The Anguished Repose blog is going on a brief hiatus…Going to Chicago!

Hello, gif fans…

Just a heads-up, the Anguished Repose blog will be going a brief hiatus. My nephew will be graduating Navy Boot Camp next week, in Chicago.

It’s a wonderful time – Cannot wait to see him!

As a result, I will be away from my computer, and this blog, for about two weeks. I am looking at this trip, like a long, overdue vacation and I am more excited about it than you can imagine.

This blog will return with its regularly scheduled program, with all its gif glory, on the 13th of October.

I look forward to seeing you all then…

But until then?

Football player scores goal bouncing off referee's head

[Source]

Keep gif’ing, folks…

But, always, gif safely.

Well…

As safely as possible.

See you October 13th!

Happy Thanksgiving from Anguished Repose!

Thanksgiving

A day for giving thanks…

A day for remembrance

[via History]In 1621, the Plymouth colonists and Wampanoag Indians shared an autumn harvest feast that is acknowledged today as one of the first Thanksgiving celebrations in the colonies. For more than two centuries, days of thanksgiving were celebrated by individual colonies and states. It wasn’t until 1863, in the midst of the Civil War, that President Abraham Lincoln proclaimed a national Thanksgiving Day to be held each November.[Read More]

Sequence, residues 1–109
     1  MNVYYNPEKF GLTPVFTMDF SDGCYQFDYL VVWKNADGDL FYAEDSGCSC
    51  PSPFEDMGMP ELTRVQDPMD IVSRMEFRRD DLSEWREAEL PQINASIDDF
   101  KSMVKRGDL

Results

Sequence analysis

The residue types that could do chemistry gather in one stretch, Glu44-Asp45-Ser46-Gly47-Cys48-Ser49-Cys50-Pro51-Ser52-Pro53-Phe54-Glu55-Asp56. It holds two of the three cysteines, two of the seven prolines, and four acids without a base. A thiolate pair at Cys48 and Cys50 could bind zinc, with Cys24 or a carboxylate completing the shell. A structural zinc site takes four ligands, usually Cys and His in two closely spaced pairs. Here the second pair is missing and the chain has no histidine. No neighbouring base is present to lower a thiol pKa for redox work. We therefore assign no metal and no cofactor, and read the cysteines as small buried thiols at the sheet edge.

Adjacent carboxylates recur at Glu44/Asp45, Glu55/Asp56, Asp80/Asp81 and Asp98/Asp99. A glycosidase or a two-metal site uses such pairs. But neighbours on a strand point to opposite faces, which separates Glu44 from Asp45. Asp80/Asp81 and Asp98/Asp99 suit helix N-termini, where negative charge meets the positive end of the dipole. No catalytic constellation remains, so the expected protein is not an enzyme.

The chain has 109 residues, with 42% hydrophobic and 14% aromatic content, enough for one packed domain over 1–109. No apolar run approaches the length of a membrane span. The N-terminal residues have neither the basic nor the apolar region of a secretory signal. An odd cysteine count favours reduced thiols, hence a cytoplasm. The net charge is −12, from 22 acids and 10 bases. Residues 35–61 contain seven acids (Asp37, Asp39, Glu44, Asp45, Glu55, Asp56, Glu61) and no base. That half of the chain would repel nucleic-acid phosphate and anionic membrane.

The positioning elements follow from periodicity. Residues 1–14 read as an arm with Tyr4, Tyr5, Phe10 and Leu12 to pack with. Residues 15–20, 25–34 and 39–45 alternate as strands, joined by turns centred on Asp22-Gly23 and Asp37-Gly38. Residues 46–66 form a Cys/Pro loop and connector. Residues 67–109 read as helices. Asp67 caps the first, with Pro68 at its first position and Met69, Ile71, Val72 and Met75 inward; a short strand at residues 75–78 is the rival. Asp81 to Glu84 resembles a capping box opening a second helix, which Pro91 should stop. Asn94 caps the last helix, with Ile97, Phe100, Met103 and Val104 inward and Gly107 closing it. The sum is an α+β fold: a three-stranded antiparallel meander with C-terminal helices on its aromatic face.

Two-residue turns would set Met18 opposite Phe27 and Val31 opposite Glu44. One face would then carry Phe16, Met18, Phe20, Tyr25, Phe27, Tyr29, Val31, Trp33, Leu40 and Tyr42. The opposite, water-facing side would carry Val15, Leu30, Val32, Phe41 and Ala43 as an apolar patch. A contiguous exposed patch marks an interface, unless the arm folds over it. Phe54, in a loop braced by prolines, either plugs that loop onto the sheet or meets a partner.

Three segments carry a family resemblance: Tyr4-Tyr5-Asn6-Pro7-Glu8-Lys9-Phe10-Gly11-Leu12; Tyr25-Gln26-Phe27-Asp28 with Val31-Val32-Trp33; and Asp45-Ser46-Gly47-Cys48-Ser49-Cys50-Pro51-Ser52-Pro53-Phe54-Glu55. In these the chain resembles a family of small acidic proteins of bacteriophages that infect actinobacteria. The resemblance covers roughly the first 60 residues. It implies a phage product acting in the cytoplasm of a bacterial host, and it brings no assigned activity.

A day for family

A celebration of love

And most importantly…

It’s a day for commemorance

[via DailyMail] Thanksgiving is a time for families all across America, to come together over a hearty meal, argue over politics and maybe catch a game of football, but for some, it is also the perfect time to put their quirky, bizarre or generally oddball behaviour on display.

The team at Awkward Family Photos have once again outdone themselves, putting together a hilarious album of eccentric and offbeat snapshots from Thanksgivings past.

…[Read More – Click here to see more! And HERE, at College Humor!]

For all the times during the past year..

Where we’ve laughed

Where we’ve loved

And have been given far more than we could ever hope we deserve

And by the grace of our Lord

Who has blessed us this year, because he loves us…

Beyond any reserve

From those of us here at Anguished Repose

We wish you and yours, a very safe and…

Happy Thanksgiving!

News Mash: When it comes to your intelligence & alcohol? It’s all about focus!

This can’t be right…

Can it?

More intelligent people drink alcohol?

Hmm. Ponderism:

[via Discovery] The next time you’re inclined to enjoy an extra glass of wine, consider that it may be a reflection of your intelligence.

That is one of the findings from data from the National Child Development Study in the United Kingdom and the National Longitudinal Study of Adolescent Health in the United States.

Childhood intelligence, measured before the age of 16, was categorized in five cognitive classes, ranging from “very dull,” “dull,” “normal,” “bright” and “very bright.”

The Americans were revisited seven years later. The British youths, on the other hand, were followed in their 20s, 30s and 40s. Researchers measured their drinking habits as the participants became older.